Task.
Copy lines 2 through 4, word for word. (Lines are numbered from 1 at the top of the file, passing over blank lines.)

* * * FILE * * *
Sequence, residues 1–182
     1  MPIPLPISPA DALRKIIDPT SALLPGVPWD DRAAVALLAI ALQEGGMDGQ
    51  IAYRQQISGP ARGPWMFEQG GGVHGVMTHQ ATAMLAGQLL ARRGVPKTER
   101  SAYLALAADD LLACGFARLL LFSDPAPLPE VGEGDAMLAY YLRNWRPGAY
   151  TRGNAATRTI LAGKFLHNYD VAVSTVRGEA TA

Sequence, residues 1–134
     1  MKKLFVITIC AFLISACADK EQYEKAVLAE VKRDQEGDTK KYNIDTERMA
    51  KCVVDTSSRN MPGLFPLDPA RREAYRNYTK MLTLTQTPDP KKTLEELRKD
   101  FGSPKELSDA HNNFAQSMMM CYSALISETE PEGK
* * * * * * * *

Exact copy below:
     1  MPIPLPISPA DALRKIIDPT SALLPGVPWD DRAAVALLAI ALQEGGMDGQ
    51  IAYRQQISGP ARGPWMFEQG GGVHGVMTHQ ATAMLAGQLL ARRGVPKTER
   101  SAYLALAADD LLACGFARLL LFSDPAPLPE VGEGDAMLAY YLRNWRPGAY